What is Included in an LOI?
An LOI should include the following items:
Name of seller, buyer or tenant
Address and contact information
Responsible parties authorized to execute a final sales or lease agreement
o Address and suite number of a lease is being negotiated
o Building description including lot size and square footage
o Amount of parking and signage
o Property gross income, operating expenses, and NOI based on seller’s representations
o Type of rent such as FSG or NNN, including any CAM charges, if the LOI is for a lease
Purchase price including earnest money and terms of financing
Due diligence period and general description of documents seller or landlord will provide
Lease terms including rent and annual increases, rent abatements or tenant improvements (TIs), length of lease, occupancy, and rights to sublease
Target date for signing the purchase contract or lease agreement
Expiration date of the LOI, usually between 5-10 business days after being presented to the seller or landlord
Name of any commercial real estate brokers involved in the transaction
Disclosure of which party each broker represents
Sales commission or leasing fee paid to each broker if the transaction closes
Notice that the LOI is non-binding
Pre-conditions to signing a purchase contract or lease, such as approval by shareholders in a partnership or city permit approval
How to Write an LOI
An LOI is normally 2-3 pages in length with a typical structure consisting of:
Introductory paragraph describing the purpose of the LOI, such as interest in purchase the property or leasing available space.
Parties to the proposed transaction including the entities involved, legal name and home state, and type of entity such as an LLC to reduce the risk of the wrong information being used in the final purchase contract or lease agreement.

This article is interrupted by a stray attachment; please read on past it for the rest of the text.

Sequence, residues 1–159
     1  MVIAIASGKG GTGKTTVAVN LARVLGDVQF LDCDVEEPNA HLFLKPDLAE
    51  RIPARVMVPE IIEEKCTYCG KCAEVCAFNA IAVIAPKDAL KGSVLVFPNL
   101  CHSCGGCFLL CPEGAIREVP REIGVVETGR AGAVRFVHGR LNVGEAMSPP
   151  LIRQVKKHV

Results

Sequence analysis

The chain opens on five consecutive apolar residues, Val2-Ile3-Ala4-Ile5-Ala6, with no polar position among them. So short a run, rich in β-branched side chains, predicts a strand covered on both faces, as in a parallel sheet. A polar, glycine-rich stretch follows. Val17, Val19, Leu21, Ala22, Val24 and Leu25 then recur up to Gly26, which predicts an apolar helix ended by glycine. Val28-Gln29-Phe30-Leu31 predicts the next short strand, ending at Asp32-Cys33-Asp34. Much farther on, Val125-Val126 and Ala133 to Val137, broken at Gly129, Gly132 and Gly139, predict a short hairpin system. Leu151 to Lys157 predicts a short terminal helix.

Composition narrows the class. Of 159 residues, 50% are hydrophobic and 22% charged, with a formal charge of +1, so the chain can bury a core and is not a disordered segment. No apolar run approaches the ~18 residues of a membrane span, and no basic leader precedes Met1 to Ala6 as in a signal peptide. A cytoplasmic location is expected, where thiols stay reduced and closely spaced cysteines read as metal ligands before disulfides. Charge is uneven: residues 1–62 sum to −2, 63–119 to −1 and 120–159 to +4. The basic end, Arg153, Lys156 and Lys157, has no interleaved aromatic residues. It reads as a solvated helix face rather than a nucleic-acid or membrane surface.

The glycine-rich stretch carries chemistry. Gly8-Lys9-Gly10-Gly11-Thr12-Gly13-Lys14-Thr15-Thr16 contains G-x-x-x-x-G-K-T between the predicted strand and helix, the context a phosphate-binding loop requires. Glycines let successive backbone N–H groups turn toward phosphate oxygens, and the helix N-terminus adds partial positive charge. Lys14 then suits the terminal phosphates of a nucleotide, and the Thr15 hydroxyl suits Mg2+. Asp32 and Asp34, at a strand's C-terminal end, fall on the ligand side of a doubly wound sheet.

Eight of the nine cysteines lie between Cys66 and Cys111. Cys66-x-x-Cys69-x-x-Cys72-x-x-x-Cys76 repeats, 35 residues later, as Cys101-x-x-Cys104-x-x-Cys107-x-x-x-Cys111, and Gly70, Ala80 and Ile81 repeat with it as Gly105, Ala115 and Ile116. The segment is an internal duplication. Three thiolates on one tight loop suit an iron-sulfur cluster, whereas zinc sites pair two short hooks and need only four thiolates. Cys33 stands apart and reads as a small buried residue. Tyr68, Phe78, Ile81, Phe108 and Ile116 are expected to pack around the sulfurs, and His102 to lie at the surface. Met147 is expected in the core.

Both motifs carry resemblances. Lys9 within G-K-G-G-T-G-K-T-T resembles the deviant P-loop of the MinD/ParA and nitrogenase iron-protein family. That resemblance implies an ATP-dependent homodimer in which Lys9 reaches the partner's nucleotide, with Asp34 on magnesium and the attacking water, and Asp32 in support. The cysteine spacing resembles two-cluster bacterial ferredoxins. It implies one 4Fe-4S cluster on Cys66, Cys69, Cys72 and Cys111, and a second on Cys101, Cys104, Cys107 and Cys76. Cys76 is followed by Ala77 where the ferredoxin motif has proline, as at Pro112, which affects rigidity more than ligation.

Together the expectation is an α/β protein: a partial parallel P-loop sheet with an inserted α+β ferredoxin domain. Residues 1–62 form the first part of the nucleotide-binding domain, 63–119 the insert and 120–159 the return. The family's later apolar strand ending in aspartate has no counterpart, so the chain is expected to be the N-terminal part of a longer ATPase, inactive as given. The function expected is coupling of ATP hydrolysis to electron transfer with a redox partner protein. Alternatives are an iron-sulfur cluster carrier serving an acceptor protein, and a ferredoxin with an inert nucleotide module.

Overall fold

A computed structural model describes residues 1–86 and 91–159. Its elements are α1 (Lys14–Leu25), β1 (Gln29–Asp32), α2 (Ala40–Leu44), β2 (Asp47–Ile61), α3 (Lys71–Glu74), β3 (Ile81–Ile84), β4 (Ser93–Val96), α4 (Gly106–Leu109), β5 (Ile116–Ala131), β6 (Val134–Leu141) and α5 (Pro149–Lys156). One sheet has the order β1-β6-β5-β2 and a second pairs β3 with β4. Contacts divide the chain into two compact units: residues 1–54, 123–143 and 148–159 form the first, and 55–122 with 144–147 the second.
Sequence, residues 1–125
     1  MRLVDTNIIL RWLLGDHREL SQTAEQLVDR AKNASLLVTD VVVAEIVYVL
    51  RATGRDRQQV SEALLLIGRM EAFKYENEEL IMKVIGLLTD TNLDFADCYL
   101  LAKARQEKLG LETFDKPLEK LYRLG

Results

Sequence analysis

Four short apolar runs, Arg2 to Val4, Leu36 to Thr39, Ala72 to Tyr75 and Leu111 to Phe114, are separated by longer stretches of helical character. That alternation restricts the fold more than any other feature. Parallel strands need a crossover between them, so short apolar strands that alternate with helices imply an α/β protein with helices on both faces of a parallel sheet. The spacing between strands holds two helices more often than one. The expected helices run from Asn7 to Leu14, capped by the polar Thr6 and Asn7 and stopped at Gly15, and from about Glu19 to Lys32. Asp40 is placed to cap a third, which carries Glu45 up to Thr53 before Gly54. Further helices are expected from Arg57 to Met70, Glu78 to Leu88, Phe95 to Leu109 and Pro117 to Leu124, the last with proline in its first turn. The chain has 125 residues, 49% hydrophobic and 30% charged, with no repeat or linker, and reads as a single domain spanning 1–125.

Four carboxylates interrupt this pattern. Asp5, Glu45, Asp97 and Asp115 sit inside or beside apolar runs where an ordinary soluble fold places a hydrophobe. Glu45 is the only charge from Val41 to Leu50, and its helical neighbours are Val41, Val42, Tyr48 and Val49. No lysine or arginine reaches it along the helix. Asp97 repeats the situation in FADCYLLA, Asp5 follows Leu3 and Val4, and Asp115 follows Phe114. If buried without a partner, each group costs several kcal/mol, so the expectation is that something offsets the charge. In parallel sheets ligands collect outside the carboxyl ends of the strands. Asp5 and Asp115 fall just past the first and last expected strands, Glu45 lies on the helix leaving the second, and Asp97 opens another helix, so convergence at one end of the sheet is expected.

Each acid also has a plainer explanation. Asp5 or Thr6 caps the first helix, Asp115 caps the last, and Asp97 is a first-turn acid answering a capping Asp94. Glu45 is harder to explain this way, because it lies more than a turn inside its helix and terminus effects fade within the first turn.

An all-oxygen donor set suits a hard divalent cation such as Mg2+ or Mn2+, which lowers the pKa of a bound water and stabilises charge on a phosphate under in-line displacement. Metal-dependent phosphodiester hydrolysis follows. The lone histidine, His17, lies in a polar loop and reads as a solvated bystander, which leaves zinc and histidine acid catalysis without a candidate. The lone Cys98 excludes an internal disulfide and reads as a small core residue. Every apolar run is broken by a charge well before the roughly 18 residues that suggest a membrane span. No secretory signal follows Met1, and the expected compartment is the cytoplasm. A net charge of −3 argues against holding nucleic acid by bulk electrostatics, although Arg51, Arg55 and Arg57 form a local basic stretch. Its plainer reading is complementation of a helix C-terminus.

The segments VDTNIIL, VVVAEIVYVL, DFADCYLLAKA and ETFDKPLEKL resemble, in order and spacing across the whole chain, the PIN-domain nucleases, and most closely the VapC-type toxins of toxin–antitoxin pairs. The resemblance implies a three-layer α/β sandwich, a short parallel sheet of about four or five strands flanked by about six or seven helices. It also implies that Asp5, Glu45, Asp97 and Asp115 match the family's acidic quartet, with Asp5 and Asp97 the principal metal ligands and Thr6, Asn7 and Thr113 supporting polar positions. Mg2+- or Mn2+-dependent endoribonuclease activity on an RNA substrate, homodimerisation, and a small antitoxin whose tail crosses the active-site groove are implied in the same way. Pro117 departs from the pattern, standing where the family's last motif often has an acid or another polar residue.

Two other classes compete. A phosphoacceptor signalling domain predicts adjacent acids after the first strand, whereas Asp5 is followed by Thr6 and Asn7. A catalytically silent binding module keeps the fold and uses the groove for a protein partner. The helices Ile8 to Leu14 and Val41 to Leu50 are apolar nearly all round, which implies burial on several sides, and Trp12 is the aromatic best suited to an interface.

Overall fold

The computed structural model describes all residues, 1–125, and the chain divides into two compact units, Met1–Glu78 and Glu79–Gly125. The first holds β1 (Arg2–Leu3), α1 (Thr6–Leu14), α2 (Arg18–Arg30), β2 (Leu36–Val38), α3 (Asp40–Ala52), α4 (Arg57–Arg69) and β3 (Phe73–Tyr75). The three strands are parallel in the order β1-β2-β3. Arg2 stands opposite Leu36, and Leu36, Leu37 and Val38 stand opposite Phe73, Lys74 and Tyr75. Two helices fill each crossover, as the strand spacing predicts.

Key deal points such as property description, offer terms, disclosure of any commercial real estate brokers involved in the transaction and which party they represent, and any other key terms and conditions specific to the proposed transaction.
Closing paragraph including whether or not certain parts of the LOI are binding, a non-disclosure agreement or confidentiality clause, remedies for breaching the binding provisions of the LOI, and a request that the party receiving the LOI sign and return a copy prior to the expiration date of the LOI.
Final Thoughts on LOIs
A LOI is quick and easy to draw up and present, doesn’t require an earnest money deposit and is a document that can be presented to lenders or business partners to describe a proposed transaction.
Although a letter of intent generally is not legally binding, a LOI should be presented in good faith and both parties should work to maintain credibility throughout the negotiation process. If there are terms that need to be re-negotiated, explain to the other party why, such as new information discovered or a significant change in circumstances.